Debacle over Sphere in London spotlights UK’s problem with planning

London: “We can’t keep banging our heads against the wall,” said James Dolan, the billionaire owner of New York’s Madison Square Garden arena, who last week abandoned a five-year effort to build a glowing orb concert venue taller than St Paul’s Cathedral in London.

The Trump donor, who also owns the New York Knicks basketball team and built his first Sphere venue in Las Vegas, had foundered on the craggy rocks of the UK’s planning system – the same one that took more than eight years to approve a fifth terminal for Heathrow airport and fails to build enough affordable housing but allows forests of speculative skyscrapers to stand partly empty.

In barbed statements announcing it was taking its Sphere elsewhere (possibly Abu Dhabi), Dolan’s company said it would instead seek “forward-thinking cities” and accused the authorities of treating its proposal as “a political football”. The London mayor, Sadiq Khan, had started out welcoming the “world-class venue” only to turn against it as having “an unacceptable negative impact on local residents”.

The scheme was strongly opposed, not just by local residents, but also the rival AEG group, which runs a large concert venue inside the nearby O2 arena in Greenwich. But whatever the view of its merits, the episode adds weight to an increasingly urgent question: has planning in the UK lost its way?

“The British planning system is probably at the weakest it’s been since it’s creation,” Peter Rees, who for 29 years was the chief planner for the corporation of London, said. “It has been emasculated by various politicians from Gordon Brown onwards.”

Rees is one of the most respected planners in Britain today. From 1985 to 2014 he oversaw the Square Mile’s transformation from staid ancient banking quarter into today’s gleaming global financial hub. He oversaw the erection of 21st-century landmark towers such as the Gherkin, the Cheesegrater and the Scalpel.

Planning has become highly politicised, he said, with power shifting too far from expert officials to non-expert councillors and government ministers, with the result that “it is very much a casino”.

Rees contrasted it to the “can-do” attitude of professional planning that delivered new towns in the 1960s and 1970s, a timely reference as Labour is pledging to build new towns if it wins the coming general election.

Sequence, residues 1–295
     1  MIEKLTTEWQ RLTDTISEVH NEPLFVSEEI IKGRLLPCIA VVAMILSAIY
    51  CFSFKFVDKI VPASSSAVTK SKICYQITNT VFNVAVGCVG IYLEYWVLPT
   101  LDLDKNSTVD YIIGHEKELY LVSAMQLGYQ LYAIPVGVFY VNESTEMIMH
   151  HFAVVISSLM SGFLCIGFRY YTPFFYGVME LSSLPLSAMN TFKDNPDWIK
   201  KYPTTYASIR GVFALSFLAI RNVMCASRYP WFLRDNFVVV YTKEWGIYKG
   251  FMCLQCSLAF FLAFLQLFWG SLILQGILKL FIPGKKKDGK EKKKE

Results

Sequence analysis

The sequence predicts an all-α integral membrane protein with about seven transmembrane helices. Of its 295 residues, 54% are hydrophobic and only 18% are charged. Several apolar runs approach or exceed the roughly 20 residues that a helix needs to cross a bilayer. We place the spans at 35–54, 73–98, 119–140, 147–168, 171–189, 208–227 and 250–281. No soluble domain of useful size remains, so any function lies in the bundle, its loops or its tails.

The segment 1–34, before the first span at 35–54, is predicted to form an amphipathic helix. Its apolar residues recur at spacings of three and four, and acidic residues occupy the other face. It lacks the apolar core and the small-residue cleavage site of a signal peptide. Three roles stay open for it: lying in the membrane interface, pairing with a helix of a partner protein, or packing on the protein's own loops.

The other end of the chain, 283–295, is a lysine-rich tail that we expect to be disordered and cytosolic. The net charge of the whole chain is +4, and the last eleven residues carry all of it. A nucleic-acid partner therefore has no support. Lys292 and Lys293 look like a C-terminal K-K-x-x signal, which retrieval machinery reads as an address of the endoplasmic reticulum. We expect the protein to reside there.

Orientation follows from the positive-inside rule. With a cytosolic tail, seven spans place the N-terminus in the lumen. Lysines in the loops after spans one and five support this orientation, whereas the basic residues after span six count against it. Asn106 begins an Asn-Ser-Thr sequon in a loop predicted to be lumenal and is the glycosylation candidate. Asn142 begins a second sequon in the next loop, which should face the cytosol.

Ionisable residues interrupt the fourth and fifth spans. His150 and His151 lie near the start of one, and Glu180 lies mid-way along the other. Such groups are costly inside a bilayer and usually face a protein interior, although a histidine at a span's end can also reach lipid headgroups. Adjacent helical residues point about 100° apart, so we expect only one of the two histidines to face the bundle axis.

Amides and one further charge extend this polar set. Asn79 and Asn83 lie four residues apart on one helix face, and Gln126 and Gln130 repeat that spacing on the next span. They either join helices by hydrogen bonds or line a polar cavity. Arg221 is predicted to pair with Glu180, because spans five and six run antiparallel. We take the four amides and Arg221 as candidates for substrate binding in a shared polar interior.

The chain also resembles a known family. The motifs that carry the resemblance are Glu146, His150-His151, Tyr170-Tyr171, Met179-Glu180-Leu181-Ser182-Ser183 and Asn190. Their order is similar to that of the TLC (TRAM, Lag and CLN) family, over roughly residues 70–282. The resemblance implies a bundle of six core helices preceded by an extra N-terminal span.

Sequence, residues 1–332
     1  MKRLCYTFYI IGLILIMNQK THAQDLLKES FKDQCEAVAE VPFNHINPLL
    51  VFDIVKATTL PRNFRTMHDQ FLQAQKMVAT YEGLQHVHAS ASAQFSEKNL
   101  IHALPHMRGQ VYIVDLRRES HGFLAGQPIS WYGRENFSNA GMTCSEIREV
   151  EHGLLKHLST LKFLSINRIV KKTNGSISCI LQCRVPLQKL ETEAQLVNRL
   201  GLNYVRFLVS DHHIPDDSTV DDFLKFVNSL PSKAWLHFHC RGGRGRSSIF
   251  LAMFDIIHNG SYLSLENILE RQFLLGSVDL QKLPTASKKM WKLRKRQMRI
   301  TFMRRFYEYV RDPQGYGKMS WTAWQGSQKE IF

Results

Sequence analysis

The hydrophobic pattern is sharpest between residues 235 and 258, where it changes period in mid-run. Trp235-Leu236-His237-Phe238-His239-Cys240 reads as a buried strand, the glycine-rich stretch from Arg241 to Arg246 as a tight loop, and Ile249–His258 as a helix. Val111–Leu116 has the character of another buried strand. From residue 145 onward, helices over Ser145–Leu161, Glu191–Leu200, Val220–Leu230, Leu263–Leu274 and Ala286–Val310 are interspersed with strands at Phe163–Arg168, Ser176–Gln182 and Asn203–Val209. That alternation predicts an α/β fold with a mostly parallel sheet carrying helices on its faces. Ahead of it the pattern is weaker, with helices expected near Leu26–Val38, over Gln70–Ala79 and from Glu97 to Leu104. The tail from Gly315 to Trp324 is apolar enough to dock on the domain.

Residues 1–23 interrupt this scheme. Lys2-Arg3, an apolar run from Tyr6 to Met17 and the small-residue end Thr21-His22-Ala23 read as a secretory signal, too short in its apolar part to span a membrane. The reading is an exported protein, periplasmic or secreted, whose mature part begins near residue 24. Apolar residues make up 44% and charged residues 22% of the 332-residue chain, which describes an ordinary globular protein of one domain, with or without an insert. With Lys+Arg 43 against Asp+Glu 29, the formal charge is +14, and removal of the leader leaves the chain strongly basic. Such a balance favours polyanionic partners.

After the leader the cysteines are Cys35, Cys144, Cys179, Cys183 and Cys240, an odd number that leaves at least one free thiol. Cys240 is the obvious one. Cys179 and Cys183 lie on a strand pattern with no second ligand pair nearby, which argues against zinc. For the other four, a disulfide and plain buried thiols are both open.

“Since then it’s become over-political,” said Rees, now professor of places and city planning at University College London. “The consequence is that it is almost impossible to know in advance which way a planning application will go.”

Successive governments have seen planning as a lever to deliver economic growth, and weakened rules in an effort to “get the planning system out of the way”, he said.

“If you are going to have a planning system based on rules, a planning application should pass or fail,” he said. “What we don’t want is debate in political forums where politicians can do favours. That’s what causes the disrepute [in the system].”

When Dolan proposed the Sphere, the culture secretary at the time, Matt Hancock, was effusive in his support, saying it “cements both the capital and UK’s reputation for leading the world in music and the creative industries”. But with Hancock gone and Khan changing his mind after closer scrutiny, the scheme was dead.

So developers who used to focus on building relationships with professional planners to get their schemes approved increasingly target non-expert elected politicians who are the ultimate arbiters, industry sources say.

“If you go to New York there’s a clear set of rules so everyone knows where they are,” said Peter Stewart, a former government design adviser and now a consultant to developers seeking planning approvals. “[In the UK] planning policy guidance, national, local and in London says things that when unpicked and scrutinised turn out to be air. Everything is negotiable. When foreign investors come forward and say can we do something or can’t we, you have to say: ‘It depends’. In other words, it is a gamble.”

There has been a change in architectural fashions too, which Dolan perhaps did not grasp.

“In big commercial development there’s less appetite for jazziness and there’s a trend for sobriety,” Stewart said.

The winners of the annual Stirling prize for Britain’s best building are more often calm studies in brick and block than the shiny architectural gymnastics of earlier years when clients and planners were hungry for “iconic” architecture.

And the climate emergency has become a big issue in planning departments, which are increasingly concerned about the carbon embodied in new proposals – hence Marks & Spencer was last year refused permission to rebuild from scratch its store on Oxford Street.